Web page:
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To determine the effects of aging on the toxicity of sidestream tobacco smoke, the complex chemical mixture that enters the air from the lit end of burning cigarettes and constitutes the vast bulk of secondhand smoke.
Statistical analysis of data from controlled experimental exposures of Sprague Dawley rats to fresh and aged (for more than 30 minutes) sidestream smoke for up to 90 days followed by histological sectioning of the respiratory epithelium. The data were obtained from a series of experiments conducted at Philip Morris' formerly secret INBIFO (Institut für Biologische Forschung) laboratory in Germany.
Using total particulate material as the measure of smoke exposure, aging sidestream cigarette smoke for at least 30 minutes increases its toxicity fourfold for 21 day exposures and doubles the toxicity for 90 day exposures, relative to fresh sidestream smoke.
These results help explain the relatively large biological effects of secondhand smoke compared to equivalent mass doses of mainstream smoke.
About one non‐smoker dies from secondhand smoke exposure for every eight smokers who die from smoking, even though secondhand smoke doses (in terms of total mass inhaled) are substantially lower. In a previous analysis of unpublished sidestream cigarette smoke toxicity experiments done by Philip Morris, we showed that freshly generated sidestream cigarette smoke is 3–4 times more toxic to laboratory animals than mainstream smoke (the smoke the smoker inhales).1 However, most secondhand smoke is not freshly generated. In typical indoor spaces secondhand smoke lingers for 1.5–2.0 hours. When sidestream smoke is released into the open air, it changes chemically and physically.2 A large percentage of sidestream smoke consists of oils and waxes that are emitted as small particles. These volatile and semi‐volatile organic compounds evaporate as the smoke is diluted, forming gases and smaller particles.3 The vapours and small particles adsorb onto surfaces, then desorb over time, effectively increasing the exposure period.2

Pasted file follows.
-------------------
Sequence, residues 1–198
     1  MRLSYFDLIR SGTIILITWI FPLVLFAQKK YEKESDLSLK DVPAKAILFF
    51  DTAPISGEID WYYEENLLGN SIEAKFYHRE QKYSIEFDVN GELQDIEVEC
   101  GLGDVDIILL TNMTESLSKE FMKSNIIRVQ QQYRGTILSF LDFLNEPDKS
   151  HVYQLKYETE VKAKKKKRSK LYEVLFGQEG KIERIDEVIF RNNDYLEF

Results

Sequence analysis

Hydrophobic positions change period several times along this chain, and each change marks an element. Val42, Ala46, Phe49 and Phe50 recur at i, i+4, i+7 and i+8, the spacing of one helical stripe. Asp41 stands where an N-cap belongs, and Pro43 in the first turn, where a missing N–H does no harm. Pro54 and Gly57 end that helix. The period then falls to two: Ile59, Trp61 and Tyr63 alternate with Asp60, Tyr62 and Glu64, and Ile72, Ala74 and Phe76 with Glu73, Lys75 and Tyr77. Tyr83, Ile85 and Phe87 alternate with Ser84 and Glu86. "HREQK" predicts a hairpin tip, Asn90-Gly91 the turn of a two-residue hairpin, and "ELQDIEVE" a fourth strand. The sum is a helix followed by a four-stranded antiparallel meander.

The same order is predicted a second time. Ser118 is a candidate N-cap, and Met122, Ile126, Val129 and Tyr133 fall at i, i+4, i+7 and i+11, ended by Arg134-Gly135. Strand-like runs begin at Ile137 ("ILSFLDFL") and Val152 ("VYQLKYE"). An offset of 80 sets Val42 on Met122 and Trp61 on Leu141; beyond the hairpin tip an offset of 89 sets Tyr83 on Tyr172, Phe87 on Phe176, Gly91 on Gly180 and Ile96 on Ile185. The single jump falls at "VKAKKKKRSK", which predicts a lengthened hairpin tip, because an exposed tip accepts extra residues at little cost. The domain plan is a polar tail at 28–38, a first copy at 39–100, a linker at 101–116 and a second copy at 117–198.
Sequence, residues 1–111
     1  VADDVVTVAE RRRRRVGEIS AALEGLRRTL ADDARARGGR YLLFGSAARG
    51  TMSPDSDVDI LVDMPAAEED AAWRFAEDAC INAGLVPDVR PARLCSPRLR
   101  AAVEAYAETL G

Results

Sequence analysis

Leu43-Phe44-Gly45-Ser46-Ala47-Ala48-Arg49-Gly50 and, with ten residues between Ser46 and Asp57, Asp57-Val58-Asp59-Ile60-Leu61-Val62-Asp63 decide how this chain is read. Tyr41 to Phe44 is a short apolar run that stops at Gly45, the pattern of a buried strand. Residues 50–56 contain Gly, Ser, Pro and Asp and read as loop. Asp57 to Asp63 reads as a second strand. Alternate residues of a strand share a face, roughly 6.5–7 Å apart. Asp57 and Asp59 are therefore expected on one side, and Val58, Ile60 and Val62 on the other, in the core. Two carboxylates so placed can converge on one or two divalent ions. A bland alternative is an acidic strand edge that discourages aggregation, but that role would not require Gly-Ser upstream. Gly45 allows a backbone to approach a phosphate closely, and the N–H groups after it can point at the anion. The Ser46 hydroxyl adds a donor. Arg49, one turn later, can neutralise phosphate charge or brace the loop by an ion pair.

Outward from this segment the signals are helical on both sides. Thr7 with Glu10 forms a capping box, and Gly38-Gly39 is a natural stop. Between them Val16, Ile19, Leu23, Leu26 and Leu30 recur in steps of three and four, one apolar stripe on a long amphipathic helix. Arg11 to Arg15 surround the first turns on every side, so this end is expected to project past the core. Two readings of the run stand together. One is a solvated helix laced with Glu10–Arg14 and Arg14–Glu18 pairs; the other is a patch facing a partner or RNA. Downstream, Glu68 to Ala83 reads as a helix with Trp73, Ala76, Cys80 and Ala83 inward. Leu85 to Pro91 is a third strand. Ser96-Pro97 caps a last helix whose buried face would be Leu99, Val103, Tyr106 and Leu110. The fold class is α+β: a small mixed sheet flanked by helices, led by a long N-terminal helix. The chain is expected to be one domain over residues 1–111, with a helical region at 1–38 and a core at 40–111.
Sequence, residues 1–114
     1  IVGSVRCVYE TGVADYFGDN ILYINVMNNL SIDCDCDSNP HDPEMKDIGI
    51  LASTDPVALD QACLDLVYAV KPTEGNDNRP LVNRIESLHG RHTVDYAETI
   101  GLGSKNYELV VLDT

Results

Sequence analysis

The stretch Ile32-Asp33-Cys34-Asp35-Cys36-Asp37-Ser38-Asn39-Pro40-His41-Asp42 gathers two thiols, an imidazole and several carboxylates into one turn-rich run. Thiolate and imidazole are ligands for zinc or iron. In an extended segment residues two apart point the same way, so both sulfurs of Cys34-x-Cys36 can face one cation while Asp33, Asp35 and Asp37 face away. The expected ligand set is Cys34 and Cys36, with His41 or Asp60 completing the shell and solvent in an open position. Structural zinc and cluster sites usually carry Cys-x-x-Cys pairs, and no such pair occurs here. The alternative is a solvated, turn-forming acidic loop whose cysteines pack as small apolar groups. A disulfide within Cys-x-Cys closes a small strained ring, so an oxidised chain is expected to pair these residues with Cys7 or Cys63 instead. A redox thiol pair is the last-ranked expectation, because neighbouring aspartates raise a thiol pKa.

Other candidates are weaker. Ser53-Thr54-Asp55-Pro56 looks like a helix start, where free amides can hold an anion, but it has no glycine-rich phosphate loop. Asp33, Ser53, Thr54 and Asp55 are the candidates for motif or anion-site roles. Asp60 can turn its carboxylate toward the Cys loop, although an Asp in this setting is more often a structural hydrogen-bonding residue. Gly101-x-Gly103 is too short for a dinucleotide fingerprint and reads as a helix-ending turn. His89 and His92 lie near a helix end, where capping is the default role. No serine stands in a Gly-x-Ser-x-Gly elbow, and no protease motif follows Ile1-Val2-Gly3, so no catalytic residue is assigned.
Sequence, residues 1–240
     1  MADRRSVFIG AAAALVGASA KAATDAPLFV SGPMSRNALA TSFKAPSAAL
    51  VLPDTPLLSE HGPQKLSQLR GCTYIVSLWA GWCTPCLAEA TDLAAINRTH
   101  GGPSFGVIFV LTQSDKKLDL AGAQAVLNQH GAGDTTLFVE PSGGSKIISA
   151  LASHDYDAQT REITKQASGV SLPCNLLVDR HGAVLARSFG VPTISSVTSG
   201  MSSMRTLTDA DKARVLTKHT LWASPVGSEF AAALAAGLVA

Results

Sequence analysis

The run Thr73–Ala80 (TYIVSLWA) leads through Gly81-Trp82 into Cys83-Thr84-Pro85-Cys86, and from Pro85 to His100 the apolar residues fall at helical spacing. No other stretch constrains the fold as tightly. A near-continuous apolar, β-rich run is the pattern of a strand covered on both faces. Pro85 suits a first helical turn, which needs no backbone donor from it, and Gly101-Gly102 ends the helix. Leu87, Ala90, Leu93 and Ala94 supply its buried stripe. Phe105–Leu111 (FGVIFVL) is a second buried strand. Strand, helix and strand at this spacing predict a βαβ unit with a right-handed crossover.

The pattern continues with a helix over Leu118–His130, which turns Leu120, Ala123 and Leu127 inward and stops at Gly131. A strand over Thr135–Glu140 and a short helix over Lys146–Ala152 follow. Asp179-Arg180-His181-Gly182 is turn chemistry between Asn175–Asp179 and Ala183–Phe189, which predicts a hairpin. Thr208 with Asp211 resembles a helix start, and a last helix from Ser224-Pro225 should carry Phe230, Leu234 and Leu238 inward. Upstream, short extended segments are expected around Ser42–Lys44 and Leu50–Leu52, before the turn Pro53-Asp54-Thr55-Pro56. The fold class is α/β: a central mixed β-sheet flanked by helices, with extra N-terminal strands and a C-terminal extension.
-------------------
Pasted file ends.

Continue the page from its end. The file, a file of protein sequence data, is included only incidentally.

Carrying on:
Though these changes in secondhand smoke chemistry are known, there are few publications that compare the toxicity of freshly‐generated and aged sidestream smoke.4,5 The tobacco industry has been concerned with these effects since the early 1980s.6,7 We identified research projects at several tobacco companies but limit our analysis to experiments done by Philip Morris at their formerly secret laboratory the Institut für Biologische Forschung (INBIFO) in Germany because of the consistency of methods and quality of data. Our analysis of these data show that the acute toxicity of sidestream smoke increases by a factor of 2–4 as it ages.
We found reports documenting Philip Morris' in vivo experiments with sidestream cigarette smoke by searching the approximately 45 million pages of tobacco industry documents made public as a result of litigation against the tobacco companies. Between January and December of 2005, we searched the University of California, San Francisco (UCSF) Legacy Tobacco Documents Library (http://www.legacy.library.ucsf.edu), the UCSF British American Tobacco Documents Archive (http://bat.library.ucsf.edu/index.html), Tobacco Documents Online (http://tobaccodocuments.org), and Philip Morris documents (http://www.pmdocs.org), using standard strategies,8 starting with keywords “sidestream”, “aging”, and “lifetime exposure”. The initial searches yielded the identification numbers of projects and assays, which were then searched.